betides the coffee snob who cannot
distinguish between a caffe latte and a café
au lait. Imagine the shame of confusing Kalossi with Kona, or
with your humble Columbian. Even the
well-informed may not know that Mocha is a
generic term for several aristocratic Yemeni
coffees, not just a coffee house cocktail.
taking a friend’s two teenage daughters to
school, I stop at Coffee Heaven where the
girls order a Quad Kahlua Kicker: two double
shots of espresso with vanilla, Irish cream,
and steamed milk sprinkled with chocolate.
Other coffee drinks are just as exotic.
There is the 911: espresso topped with house
coffee. The Redneck Latte: house coffee with
two sugars, whipped cream, and chocolate
sprinkles. How about an 000: decaf skinny
Latte. New Age Rice Dream Mocha: non-dairy
brown rice beverage with powdered chocolate
and a single or double espresso.
an old port in
. In the sixteenth century, exports from
Mocha included fruits, cloth, spices, dyes,
pottery, and most importantly, coffee, grown
in the Yemeni mountains – the latest craze
. Soon after the English and Dutch built the
first coffee factory in Mocha, other
Europeans followed and even some Americans.
During that time
had a world monopoly on coffee beans and the
country prospered. Eventually, however, the
plant was smuggled out of the country to
) and Java, hence, Mocha-Java.
story tells of the Portuguese seaman who
anchored off the shores of Mocha where the
local Sheik greeted them with an
invigorating and stimulating effect of the
drink. They requested sacks of the green
beans to take home and thus, the story goes,
the monopoly was finally broken as the
coffee bean started to grow in other parts
of the world.
original Mocha bean was transplanted, it
mutated, adapted, became bastardized, and so
only resembles the delicate grandeur of the
has the name, but we in
have the flavor,” says Mr. Kaid, owner of
the only coffee factory in all of
. The home of the original coffee bean is
waiting to be rediscovered.
is one of the world’s oldest inhabited
regions. Here the Queen of Sheba started her
long journey across the
to meet King Solomon in the north. Early
explorers such as Marco Polo visited
, known then as “Arabia Felix,” where
frankincense, myrrh, and Mocha coffee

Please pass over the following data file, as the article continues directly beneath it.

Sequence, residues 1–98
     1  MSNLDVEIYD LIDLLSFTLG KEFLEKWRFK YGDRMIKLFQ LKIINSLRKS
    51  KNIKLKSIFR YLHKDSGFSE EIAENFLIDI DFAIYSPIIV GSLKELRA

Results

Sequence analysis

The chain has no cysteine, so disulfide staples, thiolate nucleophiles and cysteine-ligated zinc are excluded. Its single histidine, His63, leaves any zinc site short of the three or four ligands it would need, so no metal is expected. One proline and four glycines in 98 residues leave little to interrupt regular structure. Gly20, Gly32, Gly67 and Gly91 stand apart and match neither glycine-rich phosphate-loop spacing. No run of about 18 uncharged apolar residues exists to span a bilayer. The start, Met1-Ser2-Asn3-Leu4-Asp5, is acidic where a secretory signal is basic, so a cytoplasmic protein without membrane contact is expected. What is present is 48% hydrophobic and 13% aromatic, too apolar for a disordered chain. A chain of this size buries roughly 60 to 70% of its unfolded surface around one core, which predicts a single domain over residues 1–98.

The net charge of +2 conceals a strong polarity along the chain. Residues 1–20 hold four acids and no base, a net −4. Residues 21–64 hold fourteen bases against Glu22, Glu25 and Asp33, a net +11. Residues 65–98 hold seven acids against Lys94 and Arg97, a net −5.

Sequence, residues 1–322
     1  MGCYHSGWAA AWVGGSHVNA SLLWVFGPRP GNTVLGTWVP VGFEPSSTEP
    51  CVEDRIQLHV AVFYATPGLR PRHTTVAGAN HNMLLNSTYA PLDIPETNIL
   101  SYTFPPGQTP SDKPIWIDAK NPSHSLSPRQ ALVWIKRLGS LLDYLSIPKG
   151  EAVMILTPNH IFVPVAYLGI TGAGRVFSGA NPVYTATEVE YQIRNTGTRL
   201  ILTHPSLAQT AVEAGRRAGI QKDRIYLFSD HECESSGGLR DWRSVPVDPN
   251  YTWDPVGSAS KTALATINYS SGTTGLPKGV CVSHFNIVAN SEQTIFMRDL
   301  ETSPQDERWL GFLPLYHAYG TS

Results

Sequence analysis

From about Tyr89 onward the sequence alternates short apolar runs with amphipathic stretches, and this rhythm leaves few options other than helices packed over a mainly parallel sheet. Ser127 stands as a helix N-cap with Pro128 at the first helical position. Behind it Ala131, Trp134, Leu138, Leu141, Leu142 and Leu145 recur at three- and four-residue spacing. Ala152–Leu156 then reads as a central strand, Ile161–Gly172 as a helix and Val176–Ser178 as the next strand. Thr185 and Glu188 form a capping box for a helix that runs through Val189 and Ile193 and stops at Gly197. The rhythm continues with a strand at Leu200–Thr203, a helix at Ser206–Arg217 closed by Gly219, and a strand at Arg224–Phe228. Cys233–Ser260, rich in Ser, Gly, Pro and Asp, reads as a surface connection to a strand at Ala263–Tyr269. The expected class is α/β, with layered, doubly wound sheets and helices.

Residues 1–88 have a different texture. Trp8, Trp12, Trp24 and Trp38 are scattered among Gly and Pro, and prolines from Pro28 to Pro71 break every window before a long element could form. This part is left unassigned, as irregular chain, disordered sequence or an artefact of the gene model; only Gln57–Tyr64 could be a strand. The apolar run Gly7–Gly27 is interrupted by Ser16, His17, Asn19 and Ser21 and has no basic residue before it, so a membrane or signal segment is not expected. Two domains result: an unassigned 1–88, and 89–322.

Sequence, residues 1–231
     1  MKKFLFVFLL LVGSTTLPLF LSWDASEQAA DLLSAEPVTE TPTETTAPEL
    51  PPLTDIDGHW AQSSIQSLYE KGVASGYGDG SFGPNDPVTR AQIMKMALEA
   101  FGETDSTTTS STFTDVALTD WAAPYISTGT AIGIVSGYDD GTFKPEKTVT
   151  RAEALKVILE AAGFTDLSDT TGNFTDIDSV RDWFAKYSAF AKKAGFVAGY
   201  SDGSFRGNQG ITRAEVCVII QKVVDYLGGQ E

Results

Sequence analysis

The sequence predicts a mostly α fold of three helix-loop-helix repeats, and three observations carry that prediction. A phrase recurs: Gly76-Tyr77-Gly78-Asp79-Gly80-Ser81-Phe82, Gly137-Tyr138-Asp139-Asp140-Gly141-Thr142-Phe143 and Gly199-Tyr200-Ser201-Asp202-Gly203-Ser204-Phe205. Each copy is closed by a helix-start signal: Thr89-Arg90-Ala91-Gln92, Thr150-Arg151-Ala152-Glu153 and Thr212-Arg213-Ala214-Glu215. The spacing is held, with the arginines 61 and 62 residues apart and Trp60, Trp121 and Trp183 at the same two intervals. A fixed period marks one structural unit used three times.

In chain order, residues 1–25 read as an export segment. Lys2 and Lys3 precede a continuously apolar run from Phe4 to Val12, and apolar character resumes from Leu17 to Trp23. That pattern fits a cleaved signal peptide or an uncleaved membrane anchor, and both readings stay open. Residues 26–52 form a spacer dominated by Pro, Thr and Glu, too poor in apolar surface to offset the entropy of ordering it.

brought worldwide fame to
. Legend has it that after consuming
quantities of this brew, Marco Polo sped off
to discover spaghetti.
Yemeni coffee boom reached its climax at the
beginning of the 18th century.
Prices had risen so much that the European
powers were now trying to contravene the
export embargo on the coffee plant and grow
coffee in their own colonies. The Dutch
succeeded first, around 1720 in Java,
followed by the French in the
. Later a number of other coffee growing
countries started to grow the Mocha-derived
coffee beans much more cheaply and in larger
the middle of the 19th century,
supplied only 1 percent of the world coffee
production. Since then
’s chief agricultural product has been
quat, which has replaced some of the income
lost from their dying coffee industry. This
evergreen (Catha edulis and Catha spinosa)
is cultivated for its shoots and chewed as a
stimulant. It is grown interspersed with
coffee trees in plantations.
restoration of the coffee trade is on many
Yemeni’s minds. They want to see the mocha
coffee plants fill the mountains once more
and get rid of what some call “Satan’s
green leaves.” This is exactly what Mr.
Kaid and his families are doing. Their
coffee beans come from the fertile terraces
of the Western Yemeni mountains, which reach
elevations of more than 9.000 feet.
in the past, the best coffee is grown there
on rain-fed terraces. The method of
cultivating is still the same as it was 300
years ago. The soil is prepared by hand, and
each tree is taken care of individually
using stone mulch.
family has a long-standing tradition in
selecting and treating coffee beans. We
combine traditional methods with modern
machinery. This is our family’s secret and
why the aroma of our coffee beans is
outstanding among all coffee brands,” says
Mr. Kaid. Today their coffee is exported to
?” I asked.
? Americans are not familiar with our
coffee; they don’t even know that my
country exists. Americans run around all day
with a gigantic Styrofoam cup filled with
sludge,” he sneered.
you heard of the New Age Dream Mocha?” I
the world’s first coffee drinkers, the
Middle Eastern Muslims, coffee was the
“Wine of the Apollo.” It was their
counterpart to the pagan wine of Dionysus,
and ecstasy. Today’s Western coffee
connoisseurs critique an excellent coffee
with the same exactitude as a vintage wine.
what is the best coffee?
to the Kobos Coffee Company, the most exotic
, Kona, and Yemeni. How is the Yemeni coffee
sells very slowly; most people have never
heard of it,” said David, from Coffee
Brothers responded, “
? Never heard of it.”
asked the Good Bean Company, “Do you
consider your shop to be a gourmet coffee
We carry coffee beans from all over the
world,” Matt answered. “Do you have
Yemeni coffee beans?” I’ve never heard
of them,” he responded.
is the most exotic coffee you carry?” I
really couldn’t tell you. That is
this the wave of the future? Will coffee
information become the new currency of
whose revolutionary history is founded on an
argument about tea, might be expected to wax
passionate on the subtleties of the mighty